Real estate agents not licensed to provide financial advice could face penalties, including fines or imprisonment, if they encourage investors to use a self-managed superannuation fund (SMSF) to purchase property, the Australian Securities and Investments Commission (ASIC) has warned.
ASIC earlier this month sent a letter to Australian property industry organisations, warning their members against offering unlicensed financial advice.
“We do not want to see SMSFs become the vehicle of choice for property spruikers,” ASIC Commissioner Peter Kell said.
“Where we see examples of unlicensed SMSF advice, or misleading marketing, we will be taking regulatory action.”
Agents recommending investors use a SMSF to invest in property must ensure they are appropriately licensed to provide the advice, or risk facing fines of up to $34, 000 or two years’ imprisonment. Companies may be liable for fines of up to $170,000.
Under the Corporations Act 2001, real estate agents looking to benefit from the increased popularity of SMSFs must first acquire an Australian financial services (AFS) licence before they are able to recommend any kind of investment.
Under s766B of the Corporations Act, financial product advice is defined as a recommendation, a statement of opinion or a report of either of those things that could reasonably be regarded as being intended to influence a person's decision in relation to a financial product.
A regulatory guide is also available on ASIC’s website to help agents identify whether they are complying with their legal obligations.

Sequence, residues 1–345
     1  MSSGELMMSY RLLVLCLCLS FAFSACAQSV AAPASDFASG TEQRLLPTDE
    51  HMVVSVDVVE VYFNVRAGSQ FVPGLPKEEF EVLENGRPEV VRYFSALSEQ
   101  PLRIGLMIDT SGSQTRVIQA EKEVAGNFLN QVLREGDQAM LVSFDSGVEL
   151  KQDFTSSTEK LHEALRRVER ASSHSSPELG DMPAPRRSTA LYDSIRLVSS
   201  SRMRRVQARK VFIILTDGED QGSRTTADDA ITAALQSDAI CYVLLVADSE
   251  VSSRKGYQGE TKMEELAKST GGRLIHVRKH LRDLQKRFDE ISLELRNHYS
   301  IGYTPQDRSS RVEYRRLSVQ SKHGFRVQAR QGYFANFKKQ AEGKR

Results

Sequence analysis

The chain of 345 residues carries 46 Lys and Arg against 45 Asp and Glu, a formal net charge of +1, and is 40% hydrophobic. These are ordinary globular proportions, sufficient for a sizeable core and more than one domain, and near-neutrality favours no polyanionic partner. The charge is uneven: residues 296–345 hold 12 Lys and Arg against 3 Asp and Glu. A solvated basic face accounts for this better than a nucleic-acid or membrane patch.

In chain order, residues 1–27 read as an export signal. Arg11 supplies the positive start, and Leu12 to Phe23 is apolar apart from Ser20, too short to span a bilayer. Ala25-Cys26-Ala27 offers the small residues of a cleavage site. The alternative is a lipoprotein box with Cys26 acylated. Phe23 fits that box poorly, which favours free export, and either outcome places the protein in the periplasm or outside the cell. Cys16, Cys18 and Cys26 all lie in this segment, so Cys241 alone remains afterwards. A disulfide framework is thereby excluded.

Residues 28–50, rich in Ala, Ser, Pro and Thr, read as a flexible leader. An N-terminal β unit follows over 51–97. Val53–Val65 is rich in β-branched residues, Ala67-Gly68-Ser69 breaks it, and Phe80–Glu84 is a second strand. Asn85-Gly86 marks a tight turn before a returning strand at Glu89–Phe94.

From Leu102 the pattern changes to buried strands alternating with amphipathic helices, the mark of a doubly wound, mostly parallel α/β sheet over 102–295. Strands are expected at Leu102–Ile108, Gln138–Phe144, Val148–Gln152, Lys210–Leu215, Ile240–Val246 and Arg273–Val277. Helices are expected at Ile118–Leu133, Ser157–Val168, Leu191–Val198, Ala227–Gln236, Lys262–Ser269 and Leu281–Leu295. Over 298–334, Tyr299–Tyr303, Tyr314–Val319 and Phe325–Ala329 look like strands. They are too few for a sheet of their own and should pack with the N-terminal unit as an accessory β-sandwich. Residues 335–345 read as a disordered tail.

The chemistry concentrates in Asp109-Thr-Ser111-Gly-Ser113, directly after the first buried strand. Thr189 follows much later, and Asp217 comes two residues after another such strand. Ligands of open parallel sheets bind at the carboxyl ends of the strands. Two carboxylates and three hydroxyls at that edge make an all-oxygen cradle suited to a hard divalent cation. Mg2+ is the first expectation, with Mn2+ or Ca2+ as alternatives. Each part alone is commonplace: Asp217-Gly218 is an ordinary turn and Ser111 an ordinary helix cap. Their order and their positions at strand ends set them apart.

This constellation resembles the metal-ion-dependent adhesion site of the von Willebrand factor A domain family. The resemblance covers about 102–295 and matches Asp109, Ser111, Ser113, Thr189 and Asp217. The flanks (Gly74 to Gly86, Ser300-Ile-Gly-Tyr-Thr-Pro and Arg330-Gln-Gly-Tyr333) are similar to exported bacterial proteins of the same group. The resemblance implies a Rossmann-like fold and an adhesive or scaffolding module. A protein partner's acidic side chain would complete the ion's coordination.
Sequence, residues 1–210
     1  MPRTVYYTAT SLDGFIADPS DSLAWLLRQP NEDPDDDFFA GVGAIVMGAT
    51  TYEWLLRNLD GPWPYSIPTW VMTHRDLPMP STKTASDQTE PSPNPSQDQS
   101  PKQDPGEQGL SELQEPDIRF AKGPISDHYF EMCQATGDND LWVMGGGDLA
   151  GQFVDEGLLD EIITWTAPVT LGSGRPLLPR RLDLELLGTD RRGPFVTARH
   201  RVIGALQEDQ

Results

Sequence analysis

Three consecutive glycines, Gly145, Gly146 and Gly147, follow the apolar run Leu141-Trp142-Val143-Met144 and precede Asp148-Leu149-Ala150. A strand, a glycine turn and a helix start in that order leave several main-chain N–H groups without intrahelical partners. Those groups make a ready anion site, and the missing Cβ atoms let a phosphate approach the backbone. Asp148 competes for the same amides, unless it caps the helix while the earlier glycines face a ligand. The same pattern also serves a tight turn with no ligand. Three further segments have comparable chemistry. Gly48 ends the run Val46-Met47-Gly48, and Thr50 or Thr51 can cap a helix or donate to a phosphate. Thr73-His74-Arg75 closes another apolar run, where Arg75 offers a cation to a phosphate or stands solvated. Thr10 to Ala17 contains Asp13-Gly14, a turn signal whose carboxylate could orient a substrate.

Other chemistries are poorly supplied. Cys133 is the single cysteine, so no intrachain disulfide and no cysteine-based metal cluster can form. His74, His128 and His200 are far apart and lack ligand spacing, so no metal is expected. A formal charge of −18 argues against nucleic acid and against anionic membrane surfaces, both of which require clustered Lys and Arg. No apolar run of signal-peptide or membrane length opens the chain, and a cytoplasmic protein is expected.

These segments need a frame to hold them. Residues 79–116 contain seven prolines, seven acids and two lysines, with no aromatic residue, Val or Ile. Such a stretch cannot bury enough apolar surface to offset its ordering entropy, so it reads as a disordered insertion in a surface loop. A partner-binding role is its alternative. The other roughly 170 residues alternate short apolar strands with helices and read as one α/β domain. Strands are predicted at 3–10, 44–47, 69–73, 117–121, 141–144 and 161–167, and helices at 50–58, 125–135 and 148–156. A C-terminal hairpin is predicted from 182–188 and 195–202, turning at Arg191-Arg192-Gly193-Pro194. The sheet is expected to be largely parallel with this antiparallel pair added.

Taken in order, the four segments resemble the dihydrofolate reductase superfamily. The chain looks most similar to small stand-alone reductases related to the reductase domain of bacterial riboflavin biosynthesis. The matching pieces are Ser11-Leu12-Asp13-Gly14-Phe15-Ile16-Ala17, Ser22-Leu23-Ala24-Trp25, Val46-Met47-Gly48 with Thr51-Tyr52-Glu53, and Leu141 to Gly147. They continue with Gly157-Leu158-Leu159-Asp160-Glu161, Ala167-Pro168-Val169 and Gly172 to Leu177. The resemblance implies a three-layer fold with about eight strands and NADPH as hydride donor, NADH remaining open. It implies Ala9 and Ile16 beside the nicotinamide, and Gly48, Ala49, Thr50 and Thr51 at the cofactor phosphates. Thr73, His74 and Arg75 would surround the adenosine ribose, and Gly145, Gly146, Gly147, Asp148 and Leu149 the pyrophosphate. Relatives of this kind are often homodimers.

ASIC has also cautioned against real estate agents offering commissions to financial advisers who encourage investors use an SMSF to purchase their properties, claiming this may count as conflicted remuneration, which financial advisers are banned from receiving under the Future of Financial Advice (FOFA) reforms.
“ASIC has ramped up its attention on a sector that is of growing importance to more Australian investors. We want to help ensure that we have a healthy SMSF sector,” Mr Kell said.
As the fastest growing superannuation sector in Australia, SMSFs currently hold $495 billion worth of assets. Some advisers have expressed concern over the impact of the industry over the property market, due to the growing housing bubble and the volatility of the investment.
“The decision to establish an SMSF is one of the most significant steps an investor can take in relation to their retirement savings… ASIC therefore wants to make sure those investors can be confident they can obtain good quality advice through gatekeepers such as accountants and financial planners,” Mr Kell added.
“At the very least, investors need to understand the time, resources, compliance obligations and risks associated with do-it-yourself superannuation, before moving their superannuation savings out of an APRA-regulated environment,” he said.
SMSFs currently hold $80 billion of their $495 billion assets in residential and commercial property.